Knit Bobble Infinity Scarf - Learn Step-By-Step How to Knit and Customize a Bobble | KnittingHouseSquare | Skillshare
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Knit Bobble Infinity Scarf - Learn Step-By-Step How to Knit and Customize a Bobble

teacher avatar KnittingHouseSquare, Knit / Craft / Sew

Watch this class and thousands more

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Taught by industry leaders & working professionals
Topics include illustration, design, photography, and more

Watch this class and thousands more

Get unlimited access to every class
Taught by industry leaders & working professionals
Topics include illustration, design, photography, and more

Lessons in This Class

    • 1.

      Introduction

      1:35

    • 2.

      Materials & Project Overview

      1:04

    • 3.

      Swatch 1 - Odd Number of Rows & No Wrap

      14:08

    • 4.

      Swatch 2 - Odd Number of Rows & Wrap

      5:52

    • 5.

      Swatch 3 - Even Number of Rows & No Wrap

      5:13

    • 6.

      Swatch 4 - Odd Number of Rows & Wrap

      4:34

    • 7.

      Project - Cowl with Cables

      17:01

    • 8.

      Conclusion

      0:22

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About This Class

Learn the basics of knitting the bobble stitch with Knitting House Square founder, Madeline, in this detailed introductory course! In this Skillshare exclusive, she will demystify how to knit and customize the size of your bobble, both flat and in the round!  You will learn each skill you need to successfully create a beautiful infinity scarf. 

The skills taught include how to create 4 variations of a bobble!

  • Swatch 1: 4 stitch bobble with an odd number of center rows (3 center rows)
  • Swatch 2 (Make Swatch 1 Pop!): 4 stitch bobble with an odd number of center rows and an extra added wrap around the bobble at the end
  • Swatch 34 stitch bobble with an even number of center rows (2 center rows)
  • Swatch 4(Make Swatch 3 Pop!): 4 stitch bobble with an even number of center rows and an extra added wrap around the bobble at the end

By the end of this class, you will have all the skills you need to continue building your bobble skillset!

This course is perfect for any knitter from beginner to advanced! The only prerequisite skill is familiarity with the knit and purl stitch

Meet Your Teacher

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KnittingHouseSquare

Knit / Craft / Sew

Teacher

Philadelphia based knitwear designer and knitting instructor

See full profile

Level: Beginner

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Transcripts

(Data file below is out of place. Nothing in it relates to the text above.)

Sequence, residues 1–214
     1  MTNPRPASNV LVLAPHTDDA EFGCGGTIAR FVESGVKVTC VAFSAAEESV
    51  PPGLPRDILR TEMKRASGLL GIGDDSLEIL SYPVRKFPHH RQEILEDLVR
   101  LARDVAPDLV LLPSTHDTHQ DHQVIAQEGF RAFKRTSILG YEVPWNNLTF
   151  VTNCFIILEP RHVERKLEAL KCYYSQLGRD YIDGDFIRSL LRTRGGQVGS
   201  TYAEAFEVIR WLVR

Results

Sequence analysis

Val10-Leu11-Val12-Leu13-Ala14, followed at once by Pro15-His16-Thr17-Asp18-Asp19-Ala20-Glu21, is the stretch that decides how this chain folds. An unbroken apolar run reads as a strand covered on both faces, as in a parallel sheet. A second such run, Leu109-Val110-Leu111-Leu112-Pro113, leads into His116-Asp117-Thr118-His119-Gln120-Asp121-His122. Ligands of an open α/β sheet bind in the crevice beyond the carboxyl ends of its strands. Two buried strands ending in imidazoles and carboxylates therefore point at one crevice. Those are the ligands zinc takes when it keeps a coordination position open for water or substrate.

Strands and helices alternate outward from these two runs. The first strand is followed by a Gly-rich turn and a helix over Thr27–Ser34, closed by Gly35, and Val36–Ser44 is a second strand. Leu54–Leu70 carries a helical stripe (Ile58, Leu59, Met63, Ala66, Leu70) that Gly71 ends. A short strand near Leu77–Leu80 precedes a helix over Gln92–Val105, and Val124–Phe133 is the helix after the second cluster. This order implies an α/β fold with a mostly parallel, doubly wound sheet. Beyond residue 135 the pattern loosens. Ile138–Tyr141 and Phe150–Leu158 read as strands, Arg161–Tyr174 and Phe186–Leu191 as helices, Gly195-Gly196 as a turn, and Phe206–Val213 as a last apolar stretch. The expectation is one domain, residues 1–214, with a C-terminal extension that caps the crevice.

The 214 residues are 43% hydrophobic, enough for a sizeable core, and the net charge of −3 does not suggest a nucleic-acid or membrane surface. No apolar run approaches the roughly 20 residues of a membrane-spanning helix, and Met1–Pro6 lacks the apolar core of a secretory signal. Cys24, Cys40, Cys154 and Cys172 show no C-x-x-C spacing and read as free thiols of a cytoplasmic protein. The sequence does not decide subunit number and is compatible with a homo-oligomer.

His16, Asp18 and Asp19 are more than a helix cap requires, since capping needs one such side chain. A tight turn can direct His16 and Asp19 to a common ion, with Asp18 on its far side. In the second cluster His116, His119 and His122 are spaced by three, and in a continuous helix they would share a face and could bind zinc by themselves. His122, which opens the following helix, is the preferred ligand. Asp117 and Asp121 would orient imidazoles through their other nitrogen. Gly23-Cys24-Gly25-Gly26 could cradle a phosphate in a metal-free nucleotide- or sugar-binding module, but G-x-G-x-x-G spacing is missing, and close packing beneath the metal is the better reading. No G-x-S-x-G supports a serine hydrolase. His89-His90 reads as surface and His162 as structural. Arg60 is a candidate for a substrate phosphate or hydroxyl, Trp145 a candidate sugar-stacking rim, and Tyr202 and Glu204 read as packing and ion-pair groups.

1. Introduction: Hello everyone and welcome to the Skillshare course and how to add bubbles to your knitting. So my name is Madeline for knitting house squared, and I love creating new video tutorials to show you different techniques that you can add to your knitting toolset. So what I'm gonna be showing you today is a really fun technique which is adding bottles to your knitting. What these are is they're essentially like little 3D shapes, little circles that really make your editing pop and add a fun texture. So what I'm going to take you through today in this tutorial or this class is first, we're going to start by making a whole bunch of swatches. So you'll notice each one of these swatches, isn't it flat? And what we're gonna do is we're just going to slightly change the dimensions or add an extra technique to make the bottle of pop out a little bit further. And we're going to do that a total of four times to create four different shapes. Once we've created all of our different shapes, we're going to put what we learned to the test and we're going to create a really quick and easy cow. So this project is perfect for someone who has knit and pearl before. But as looking to add in a new technique. So how we work this one is we're going to start with a cast on. We work some Ruby then were to get into the bubble pattern. This one isn't a completely in the round. So you get to learn Bibles flat with our swatches. Then in around with the final project, we continue working our bubbles up through her work, some more ribbing and a bind off. Jumbo weight yarn. So it is a really quick and easy project. I hope you enjoy this. And don't forget to upload your finished project when you're all done with the class, I'd love to see everyone's projects. Let's get started. 2. Materials & Project Overview: The materials for this project include a pair of scissors, a tapestry needle, a circular knitting needle, which assigns us 17 or 12 millimeters. And the total length of the circular knitting needle should be 24 inches. One stitch marker that can fit onto the circular knitting needle. I've found, it's hard to find large enough stitch markers. So I actually just take a piece of waste yarn and tied in a loop as an alternative. And lastly, a 150 yards or 137 meters of jumbo weight number seven yarn. You're going to want to look for a yarn that recommends using a Size us 17 knitting needle. I'll have a few options link down below. Once you've gathered all your supplies, you're all ready to start making bubbles with me. So as I mentioned before, we're going to start out by making for bubble swatches. Each one is going to be a slight modification from the others. Once we've created our four swatches that are in it flat, will be all ready to start on our main project. 3. Swatch 1 - Odd Number of Rows & No Wrap: Now next step, I'm going to show you a few different variations of different types of bubbles that you can make. And specifically I'm gonna be showing you for stitch bubbles in front of me. What I have is I have my knitting needles, my yarn, and then a pair of scissors. And we're gonna be creating small swatches like this to compare different bubbles and show you the different shapes we can create. So they all are going to look pretty similar. It's just their slight variations. You can make them make them look a little bit different. So to start off with our swatches, I'm going to cast on nine stitches. For these projects. I'm gonna be doing a simple cast-iron called the backward loop cast on. To work this cast on, I start with a slipknot. So I'm going to have my working yarn draped over my hand, my left hand, I'm going to grab onto that strand of yarn. My bottom three fingers. Now going to take my yarn, go up over my pointer finger, back behind, down to the bottom, up the front of the top again, back behind down to the bottom, up the front of the top again, back down to the bottom, then grab onto that strand with my gotten three fingers as well. Now if I look at my pointer finger, It's basically a two full and 1.5 loops around my pointer finger. To create the slipknot, I'm going to rearrange these top two loops. So first I'm going to take the second loop and I'm going to move it up closer to the top of my finger. Then I'm going to take the new second loop and I'm going to move that one up closer to the top of my finger. Then I'm going to take that new second loop, slide it off my finger. Now I have a slipknot. So I'm going to take this slipknot and either one of my knitting needle points and slide my knitting needle point onto the slipknot. I like to have it where the tail or the yarn end is closest to me. The working yarn is further away. And I'm taking my knitting needle and putting it in going from right to left. I pull on my tail to secure it onto my knitting needle. It is still loose, it's not too tight. Now next step, I need to add more stitches. So this slipknot counts as the first stitch. So I need to add on eight more. The way I'm gonna do this is I typically find it's easiest to hold onto my tail and my knitting needle in my right hand. Then with my left hand, I'm going to start creating my stitch this again, I'm going to put my left hand behind my working yarn, grab onto If my bottom three fingers. And I'm going to move this hand to loop it around my finger. So I'm gonna take my pointer finger, go down below the strand, up the front to the top, back behind down to the bottom, up the front to the top. Now I'm going to slide this stitch off of my finger onto my knitting needle. So I go below the stitch towards the top of my finger, slide it off my finger onto the knitting needle. Now again, if my hand is still in that position, I can just create another stitch immediately so I can go back behind down to the bottom, up the front of the tap. Slide the stitch off my finger onto the knitting needle. Gently tighten it back behind down to the bottom, up the front of the top, off by finger onto the knitting needle. Now if you ever lose your place and your hand is no longer holding the earth. You just again want to take your left hand, go behind you're working yarn, grab onto If you're brought him through fingers, go back behind underneath, up the front of the top, back behind down the bottom, up the front of the top. And now you're all set. You keep on looping on the stitches to your knitting needle. So, so far I have 12345, 6789. Okay, so that's perfect. Now, I need to work a few rows in stock in it. And that's basically says that we have a little bit of room before we put in our bubble. Stock or debt means that we knit one row, then turn our work and then perl the next row because we're working a flat swatch. So first up, I'm going to turn my work and I'm going to knit my first row. Now turn my work Pearl, my next row, my first two rows. Now I'm going to repeat that one more time. So knit than Perl. Next up, I'm on the row where I'm going to answer in my bubble. And you will always be inserting in bubbles on the right side of your work. So this would be kind of like the outside of my work. This parole bump side would be the back of my work. Now the way you can insert a Bible works exactly the same, whether you're knitting flat or in the round. So first step up, I'm going to knit over to the stitch where I'm going to add in the Bible. In this case, I'm going to add it in on the center stitch, which is stitch number five. I'm going to knit over four stitches. The bubble I'm going to be adding in is a four-stage bubble. So we need to turn this one stitch into four stitches. The way we're gonna be doing that is using yarn overs and mitigated this ditch more than one time. So for example, I'm going to take my yarn to the front first. So first what I'm gonna do is I'm going to bring my yarn to the front in between my two needles. Then I'm going to knit into this stitch one time. Now when I finished knitting it, I'm not going to slide it off of my left knitting needle. What I'm gonna do instead is I'm going to bring my yarn to the front again and knit into the same stitch. Now that I've done that, I'm going to slide that stitch off of my left knitting needle. So I've turned that one stitch. They like to sit on top of each other into four stitches. Now if you wanna do, you want it to turn into six stitches? Again, you could do the exact same thing. You're in front and get into it a third time. So I have my four stitches. The next thing I'm gonna do is I'm going to turn my work. So I should now have the inside of my work facing me. For this row, what I'm gonna do is I'm going to split my first stitch parole lives. Then I'm gonna Perl to. And for this final stitch, you'll see it looks a little bit loose there on the knitting needle. Instead of just pulling into it regularly, what I like to do is I like to pull it through the back loop. So to do that, I take my left hand and needle and I kinda point it towards myself. Then I'm going to take my right knitting needle into the back part of that stitch. Going from left over towards the right. Wrap my urine around as I typically would do parole. So I'm going to go up over my right knitting needle, push the loop through, slide the stitch off my left knitting needle. Since a purlin through the front as it normally would approach or the back. Now I'm going to turn my work. I'm going to slip the first stitch per lives, so not twisting it. My yarn was in my back, in the back of my work. Now I'm going to knit three. Again. I'm going to turn my work. Next up. I'm going to work that pearl row one more time. I'm going to slip the first stitch paralyze. This time I don't have to do anything special to the final stitch. So I'm gonna pearl three times. Turn my work again. Next up, I need a work, some decreases because it's essentially like I finished my Bible and I just need to turn these four stitches back into one stitch. So to do this first, I'm gonna take my first two stitches and I'm going to create a left-leaning decrease. So to do that, I'm going to work as slip slip knit. So I'm going to slip my first stitch as if I'm knitting it without actually working it. So it my second stitch as if I'm working at her is if I'm getting it right. So I twisted both of those stitches. Now I'm going to pass them both back over to my left hand knitting needle by taking the left knitting needle and going into the front of both of those stitches at one time. Now I'm gonna wrap my yarn around my right knitting needle. Pull through, slide them both off of my left knitting needle. So I twisted them. Then I met them together and that creates a left-leaning decrease. Now for the next two stitches, I like to create a right-leaning decrease. So it's kinda like the two Greece, it decreases point towards each other. Right-leaning decrease is a knit two together. So I'm going to take my right knitting needle, go into the base of the next two stitches at the exact same time. As if I'm knitting them, wrapped my yarn around, pull it through, slide both of those stitches off of my left knitting needle. So now I've turned the four stitches down into just two. I still need to get it back to one though. I'm going to turn my work again. And now on this side of my work, I'm going to work a pearl two together. So I'm going to take my right knitting needle into the base of both of the stitches at the exact same time. Parawise, route my yarn around, push it through, slide both of the stitches off. Turn my work again. And now I don't need to work this ditch anymore, so I'm just going to pass it over to my right hand knitting needle. It's all done. And I'm going to continue knitting across the rest of the row. When I work the next stitch, I always try to pull the yarn pretty tight to really help that Bob will form. So there is my bubble. Now, to finish off this swatch, I'm going to work a pearl row, a knit row, and then another pearl row. Then lastly, I'll show you the cast-off method I'm going to use for my swatches as well as for the final project. Last up to cast off my work. I'm going to knit the first stitch. Knit the second stitch. And now over here on my right hand knitting needle, I'm going to take the previous stitch, grab it with my left knitting needle, then slide it up over and off the more recent stitch. Now I can start a repeat across the rest of the row. So I'm going to knit one stitch. Then take the previous stitch on my right knitting needle, slide it up over an on. Again, knit the next stitch. Take the previous stitch up over and off. And I'm going to keep on going all the way across the row. Now, there's only the one stitch remaining. I'm going to cut my yarn. I believe about eight inches. Take the last loop off of my knitting needle, thread the tail through the remaining stitch. There is the first bottle swatch that I'm going to show you what we did here and how I describe it is this is a four-stage bubble where I worked in odd number of rows. So essentially the main portion of this Bible, I worked three rows, not including the row where I increased and the rows where I decrease. There were three step three rows in the center. And I didn't do anything special at the end to make the bottle of pop out further from the work. This is just naturally how far out it comes. If I look at the back of my work, this is the back of the bubble. And especially with this yarn, There's not much of a fear because it is so bulky of this bubble accidentally popping through to the backside, there'd have to be a lot of force going on there. But in case you are worried about that, what I'm going to show you next is the same bubble. But what we're gonna do is we're going to wrap our yarn around it to basically try and prevent this further from ever ending up on the backside of our work and to make it pop out a little bit more. So I'm going to show you the same bubble with an extra little technique next. 4. Swatch 2 - Odd Number of Rows & Wrap: So now that we finished that first swatch, what we're gonna do is we're going to add on an extra little technique to make these bubbles pop out a little bit further from our work. And this is where we wrap a piece of yarn underneath the bubble before we start working with next stitch. You'll notice in this next tutorial I'm going to show you. We start off the exact same way. So we're adding cast on nine workers set of rows. Then we're replacing the bottle in the center of our work. So on the fifth stitch and the whole Bible is gonna be all exactly the same. All that changes is one extra little step at the end. So let's start on this next bubble. So to start off this bubble, I'm going to begin the exact same way. So I'm going to knit over to my center stitch. So I'm going to knit for then I'm going to create a forced edge bubble. I'm going to bring my yarn to the front. Knit into the next stitch on my left knitting needle. Don't slide it off though. Bring my arm to the front again into the stitch one more time. Turn my work. Now I'm gonna split that first inch per wives Perl to end for this final stitch instead of permanent normally, I'm gonna pearl through the back loop, turned my work, slip the first stitch per lives. So I'm not twisting it. Knit three term I work again. Slip the first stitch parole wife's pearl three term I work again. Now I'm gonna begin those decreases. So again first, I'm going to have the left-leaning decrease. So I'm going to slip the first stitch as if omitting it. Slipped the next stitch as if I'm knitting it. My left knitting needle into the front base of both of them. Knit them together. So as our slip, slip knit that for the next two stitches, I'm gonna do a right-leaning decrease or a knit two together. So I'm going to go into the base of the next two stitches at the same time. These two are always tight. Wrap my urine around, pull through, turned my work again. Now I need a decrease to down into one. So I'm going to work or Perl two together. I'm going to put my knitting needle pero lives through the remaining to wrap my yarn around, push through Both of them off. Now I'm going to turn my work. So to wrap this one, the way it works is I'm going to bring my working yarn to the front of my work. Then I'm going to slip this bottle stitch that we just created from my left to my right knitting needle. And as I'm doing that, I'm going to take this working yarn, tuck it down below my bubble, then come back up to the top. And when I come back up to the top, I want to bring it to the back of my work. So I just took that strand and I wrapped it all the way underneath the bubble. Now that I've wrapped it all the way underneath, I'm going to continue knitting across the rest of this row. And I do always try to pull that first stitch pretty tight. Now what I'm gonna do that you can really see what the bubble looks like is again, I'm going to work a pearl row, a knit row, and then a pearl row and cast off. Then we'll be able to compare this one where I wrap the yarn around to our previous sample, right? Didn't wrap the yarn around. Here's the finished model where I wrapped the urn. So you can see that wrap there at the bottom. It just makes the bubble pop out a little bit more, is the idea behind it. Now in this yarn, it won't make too much of a difference because this is such a bulky yarn that they're basically popping out equivalent amounts here. But this may be something that you want to consider if you're using a thinner yarn and trying to get, make sure it stays on the front side of your work. Or if your yarn is a little bit less textured than this single ply wool that I'm using here. This urine tends to be a really textured so it's easy to get a lot of volume out of it. So something to consider is this extra little step that you can add. Now what I'm going to show you next is another way you can modify your Bibles. In these ones, these would be what I consider an odd number of rows in the center. So we paroled than we knit, then we have paroled again. Then we worked the decreases. So technically I call the Senate rows and odd number. What you can do now is you can either shorten or lengthen your Bible in the center of your work. So I'm going to show you what it looks like if you switch over to an even number of rows instead, these bubbles are just a little bit shorter length lives. These ones just have a pearl than a knit. Another alternative as well. I'll show you next again the unwrapped version and then the wrapped version as well. 5. Swatch 3 - Even Number of Rows & No Wrap: Next up I'm going to show again a four-stage bubble. And here I'm gonna do an even number of rows lengthwise. So it's gonna be a little bit shorter than the previous examples where I was showing you odd number of rows. In this one, I'm also not going to wrap the bottle. So first I'm going to knit over to that center stitch, and I've set this one up the exact same way I have the previous one. So I cast on nine, then worked for rows and stock in it. Let's nip for now. The next is your belt to work is my center stitch where I'm going to add my bottle. So again here I'm going to start off my bottle the same way. Yarn front. Knit this stitch. Leave the stitch on the left handed and needle. Bring Megan to the front again, knit the stitch one more time. And now when I pull this dips through, I can slide that off of my left-handed immutable. So essentially turn that one stitch into four different loops. They're kind of laying on top of each other right now, but they're there. Now I'm going to turn my work. And here I'm going to slip the first stitch per allies with a yarn in front so they aren't already is in front. I'm going to slip that parole lives without twisting it. Now I'm going to Pearl two. And for this last one, I like to Perl this through the back loop. So that means I'm going to basically take this left knitting needle. I'm going to twist it so it's pointed towards myself and it's easier to grab onto that stitch. I'm going to take my right knitting needle, go behind that stitch, come out through the front, wrap my yarn up over my right knitting needle. Then push that loop through. Slide this stitch off of my left knitting needle. So I just pulled through the back loop. I'm going to turn my work, slip the first stitch per wise with the urine and back. Knit three, turn my work. And now instead of purlin across these back stitches, I'm going to start decreasing. So what I just did is I worked two rows of my bubble or an even number of rows. And so the decreases now beginning. So the way the decreases are going to work is I'm going to work to Perl to togethers. So produ togethers where I take my right knitting needle into the next two stitches. On my left knitting you'll paralyze. To wrap my yarn around. I'm going to go up over the right knitting needle, then pull that loop through both of the stitches, slide both of them off my left knitting needle. Then I'm going to work another pearl two together, right knitting needle through the base of the next two stitches. Route my yarn up over that right knitting needle. Push that loop through. Slide both of those stitches off. Now I'm going to turn my work. Ended up with a little bit of extra yarn. They're just going to drop that off. And now I need a decrease one more time. You can make it look like a right-leaning or a left-leaning decrease. Here, I'm just going to work on knit two together. So I'm going to take my right knitting needle point, going from the left towards the right into the base of both of the stitches. Wrap my yarn around, pull through, sled both the stitches off. Now I'm going to keep on getting across this row. And when I worked the next stitch, I like to pull my working yarn really pretty tight. So you can see the bubble starting to form. They're a little bit more apparent once we work a few rows. So now I'm just going to work a pearl row, knit row, pearl row again. Here I have my finished swatch of this four-stage bubble where I worked at the even number of rows. In this one, I didn't wrap my yarn around it. So this is how much it pops out from the fabric just as a regular bubble. So in the next video, I'm gonna be showing you this exact same thing, but as the last step, I'm going to wrap the yarn around it to make it pop even more. 6. Swatch 4 - Odd Number of Rows & Wrap: So next step, I'm going to again show you a four-stage Bible with an even number of rows. But this time we're going to wrap our yarn around it. So starting off, I've worked the cast on and four rows and stock in it. So now I'm going to knit over to that center stitch. I can place my bubble. This bubble starts off the exact same way as the previous one. So I'm gonna do a yarn over, knit into the left stitch. Leave that stitch on my left knitting needle. Bring my yarn to the front again, knit into the same stitch. Now slide the stitch off my left knitting needle. So during the one stitch into four. Now I'm going to turn my work. The first stitch parole lives with the art in front Perl to next up I'm going to pull through the back loop. So instead of purlin it as they normally would going through this friend, what I'm gonna do is I'm going to tilt the left knitting needle towards myself. Then go into that back base of that stitch. Wrap my earn up over, then down below, push that loop through and slide the stitch off my left knitting needle. So instead of purlin through the front, I pulled through the back. I'm going to turn my work, slip the first stitch per lives so I don't twist it. Knit three. And so now those two rows that I just worked where my even number of rows for this bubble. Now I'm going to begin my decreases, so I'm going to turn my work again. And I'm going to work to Perl to togethers. So Peralta together take my right knitting needle into the base of the next two stitches per wise. Wrap my yarn up over the knitting needle. Push the yarn through, slide both the switches off. The left knitting needle. Repeat it again. Right knitting needle under the base of the next two stitches. Grab my arm up over, push the loop through. Now I'm going to turn my work. And now I need to do the final decrease. So during the two stitches into one, to do that, I'm going to work a knit two together. I'm going to take my right knitting needle point into the base of the next two stitches at the same time, knit Wise, Rabbi around, pull through. So now I have my Bible the way I'm gonna wrap my yarn around so we can begin. The next stitch is I'm going to take this stitch, pass it back over to my left knitting needle. Bring my yarn to the front. Now slip that stitch back over to the right knitting needle. Bring the yarn down below the bubble. Kind of tucking it underneath all the stitches, back up to the top. And then you want to bring it behind your knitting needles. Now I'm going to go into my next stitch knit wise, and I'm going to pull on that yarn. So it tightens up into my next stitch and keep on knitting across this row. So now I'm going to turn my work here. I'm just going to work a few rows and stuck in it. So I'm gonna Perl, Perl than cast off. Now here's my finished bubble where it is wrapped around. So you can see that extra little piece of yarn down there at the bottom. It does make it pop out pretty nicely with this yarn. I would say it doesn't add too much extra volume, but it can depend on the type of yarn you're using, whether or not you want to add in that extra technique. This was without, this one was width. Now that I've shown you a whole bunch of varieties of different bubbles you can create and ways that you can modify bubbles to make them longer or wider. Next up we're going to do is we're going to use this technique to create a cow where we space bubbles out throughout the project. 7. Project - Cowl with Cables: Now that I've shown you some of the ways that you can knit bubbles. We did odd wrapped, even wrapped, four different variations. What we're gonna do is we're going to use the skills that we just learned and creating a bubble jQuery to project with bubbles. I'm going to show you how to make a quick and easy cow or work in a space the bubbles out evenly throughout it and create a fun design. For this project. The bubble that I decided to use is gonna be this one up here. So it's the odd number of rows, or I do wrap it. So that's the version I'm going to be using. You can choose any of the other ones that you'd like to instead as well. Just substitute in where I started describing the bubble for whichever one you prefer. Again, the written version of each one of these I showed you is linked down below as one of the resources. Now to start out, I'm going to cast on a total of 48 stitches onto my US 17 knitting needles. And I'm going to use that same cast on method that I've used for all my swatches. I'm going to start off with a slipknot. This laptop does count as the first stitch. And now I'm gonna go ahead and cast on a total of 48 using the backward loop method. You can use other cast on methods as well. It's really up to you, whichever one you prefer. Some other great ones to use are things like the long tail cast on or the German twisted cast on. I do have another Skillshare video too as well, showing other cast on methods. If you're curious about that one checkout, my teacher profile. Now that I've finished casting on this 48 stitches, I need to join in the round. The way I'm going to do this is I like to set up my work so that my working yarn is gonna be over here on the right-hand side coming out of my knitting needle. And then over here on my left-hand side, I have my tail. So I'm going to spread out the stitches a bit more so that they do take up the full length of the knitting needle. And now what I'm gonna be looking for is that nothing's twisted. So what I mean by twisted is what I've generally look for is I'm going to push all of the cast on bumps in towards the center of the circle. So if I can see that all the cast on bumps are going in towards the center of the circle. I know that nothing's twisted. Now if you see something where it's like that, where you start going in and then you go out. That would be a twist. So you just want to make sure you bring it all back. Now that I'm all set up. What I'm gonna do is I'm going to pick up my knitting needles and I'm going to mark the beginning of my round. So I'm going to take my working yarn and my right hand, my non-working yarn in my left hand. And I'm going to place a stitch marker on my right knitting evil. Now this whole project is knit in the round. And so this first round, we're going to take this right knitting needle and work the first stitch on our left knitting needle. I'm going to go into that first stitch and work in unit one. Now I'm going to bring my yarn to the front. Now worker per one. And this first round is going to be completely knit one Perl, one ribbing all the way across. When you're finishing up the round, your last stitch shouldn't be a pearl stitch. Bring your yarn to the back, then slip your stitch marker. That was our first round. Now for the beginning part of this cow, we're going to work a few of these rubbing rounds. So I'm going to work that ribbing round a total of three times. Already did it once. So I'm going to work the knit one per one round, two additional times. One thing before you get too far into that I would recommend doing is make sure again that your work isn't twisted. So if I look at my work right now, all my cast on is going down towards the table. Or again, I can flip it so that all my cast on is going in towards the center. And I don't have any twists here. If you did have a twist, it would look something like that. Or the work kind of goes from one direction to the other, then comes out again. You want to make sure you don't have any twists. Unfortunately, there's not really any good way to get out twist once you get really far into your work. So you wanna make sure you just present them as much as possible when you're first starting. Soon, I finished my ribbing rounds. So what I'm gonna do before we actually start putting in my bubbles is I'm actually just going to work three nib rounds that way, just like we did in our swatches. There's a little bit of space before we added the bubbles because they really do add a lot of dimension in all different directions. So I like to have a little bit of space below them. I am going to knit three full rounds. And then I'll come back and I'll show you the full follow around. Now I've reached the real burger. I'm going to start adding bubbles into my work. For this row, it's going to be an eighth stitch repeat that goes all the way around the round. So starting off, our repeat is gonna be knit three stitches, then add a bubble, then knit for stitches. That repeat, we're going to continue doing a total of six times all the way across the round. So first up, I'm going to knit over to where I want to put in my first bubble. So three stitches over. And then my bubble is gonna go on the fourth stitch. Now, this is going to work just like when we were knitting our samples flat. We're gonna be working on the front side. And then the backside in the round. I'm going to add in the fourth stitch bubble with the odd number of rows, and I am going to wrap the yarn. Again. You can modify this bubble to be any type that you like from the clips we did before or even anything else. So I'm going to bring my yarn to the front, knit into the stitch. Leave the stitch on my left handed and needle. Urine front it into the stitch again. Now slide the stitch off my left hand knitting needle. So I turn the one into four. Now I'm going to turn my work and I'm on the inside. You can see all my parole bumps here. I'm going to slip the first stitch paralyze Perl to now Perl. This final stitch through the back loop. Turned my work again. Slip the first stitch parawise. Knit three. Turn my work again. Slip the first stitch per lives. Pearl three. And now I'm ready to begin. My bubble decreases. First up, I'm gonna do that left-leaning decrease. So I'm gonna do a slip, slip, then knit those two stitches together. The next step I'm gonna do a right-leaning decrease. So a knit two together. Turned my work again. Pearl, the final two stitches of this bubble together. Sure, my work one last time. Fill up the video there. So now what I'm gonna do is I'm going to wrap this Bible. So I'm going to bring my working yarn to the front, towards the right here, in between the two needles. I'm going to slip that stitch back over to my right knitting needle. Take the working yarn, go down below the bubble, up to the top again, and then back behind the work. Pull that nice and tight. Then I'm going to work the rest of my repeat here. So lastly, I need to knit for stitches. Now that was my first repeat. And now I'm going to continue doing that all the way across the round. Once I come back, once I finish that, I'll come back and I'll show you what my round looks like and what's up next. Now I finished going all the way across that round and adding in each one of my bubbles. And after I finished each one of the bubble rounds, what I'm gonna do is I'm going to knit three full rounds. So I'm going to get 123 full rounds. Then I'll come back and I'll show you the next bubble around that. I'm going to add it essentially, we're going to try and offset them so they aren't all stacked right on top of each other. So I'll knit three rounds. Then I'll come back and show you the next step. Now this next valve around is again going to have an H6 repeat. And the way it's gonna work is we're going to knit seven stitches. Then we're gonna put it in a bubble. Then again, we're going to knit seven, put it above all. Keep on repeating all the way across the round. When you place this next set of bubbles, they should appear as if they're kinda right in between the previous row set. So to show you one of them again, I'm going to knit seven. Then I'm going to insert in the same type of Babel now on the next stitch. So if you wanted to, you can make it a bigger bubble. You can make it a smaller bubble. Just add a little bit more fun to it. I'm gonna do the same size. So a yarn print, the stitch, leave it on the needle, urine front, knit into the stitch again. And I'm going to follow all the exact same bubble steps as I did on the previous row. Now once I finished this bubble around, I'm again going to knit three rounds. Then the pattern is going to have me insert another bubble round. After that other three rounds and it keeps on alternating between the two. So I'm going to continue working up through the pattern as it's written. And again, the pattern can be found in the resources down below. Then once I finish all the bubbles and my final three net rounds, I'm going to again finish with ribbing. And then I'll come back and I'll show you my cast off. Now, I finished going all the way through the pattern and my final rubbing, I'm going to cast off the top edge again just like I did for my sample. So I'll excuse or really simple cast off method. The way it works is I'm going to knit my first stitch of the round. One more stitch. Then take my left hand and middle. Take the previous stitch, I MIT, slide it up over and off. Now again. The repeat kinda begins now. So I'm going to knit the next stitch on my left hand knitting needle. Now we're taking my left end and needle and take the previous stitch, grab it, pull it up over and start over again to knit one more previous stitch up over and off. As I'm doing this to you, I want to make sure I don't put anything too tight because you do want this top edge to be as stretchy as possible. So I'm just leaving all those stitches nice and loose. Pulling anything tight. Now I'm going to continue all the way across this top edge. Now once I get to the last stitch, the previous one over runoff, then I pull on that final stitches, germanium, I write knitting needle to make the loop a little bit larger. I'm going to cut my yarn. Typically live about eight inches or so as my tail. And now it's where I need my tapestry needle. So I'm going to thread it into a tapestry needle. Okay. My knitting needle out of the way here. Now, looking at my top edge, what I like to do is try to make this loop blend in with the other side as much as possible. That way you don't end up with kind of like a step between where I started the cast off and where I ended the cast off. So I'm going to take this yarn tail. I go under the first set of a full v that I can see. So it's kinda like there's one side of the beam, there's the other side of the V. Then before I pull it tight, I'm gonna go back up and through the loop that I just cast off. So that's what it's currently looking like. And now I'm going to take that yarn tail and thread it through the V again. And now I'll leave it in. So don't leave it in here. What I'm gonna do is I'm just going to pick one of these columns, the stitches that was formed by my ribbing, I'm just going to leave it in one direction. Typically go all the way down to the bottom. And now we'd like to follow a stitch going across. So let's say I follow this citrate here. So it goes up above, then it goes back behind, down below, up the front to the top again. So that's the stitch I'm going to follow. I'm just going to follow the stitch along a little waves. Perfect. And then once I feel that it's relevant in enough, I'm going to cut that tail. And before I cut it too, I always do stretch out my work just to make sure it isn't pulling anything tight. I'm just going to cut that tail. And since it's on the inside, I can leave a little bit extra. Now the last thing that I need to do here only applies if you had to change a ball of yarn as you're working through it. I actually did do this twice. So anywhere where I had to add in a new ball of yarn, I take my ends. I do tie knots. So I'm going to tie a single dot in this yarn just because it is so bulky and it tends to stick to itself. So I'm not too worried about things unraveling. I'm gonna pick either one of the two ends. We'll easier to put through my tapestry needle. Take a tapestry needle. And now I'm just going to leave them in opposite directions. I want to take this yarn tail over here to the right, the other one over to the left. Then again, cut my ends. Now that I've woven in, all my ends included my cast-off edge as well. What I'm going to do next is I'm going to block my project. The way I do this is I'm going to soak this in some lukewarm water. Then to get the water out first I gently squeeze it because this yarn will kinda like gather a lot of water within it and retain a lot of water. I'm going to gently squeeze it. Then I roll it up in a towel to get as much of the remaining water out as possible. Lastly, I'm just going to lay it flat to dry. Once I finished blocking it, I'll come back and I'll show you the finished project. 8. Conclusion: So here is my finished Cal, and I hope you really enjoyed making this project. If you haven't already, be sure to upload a picture of your finished project in the class down below. That way we can all see what each other's projects looks like. Also, if you enjoyed this class, be sure to hit the follow next to my name. That way you get updated each time I upload a new class here on Skillshare. I'll see you next time.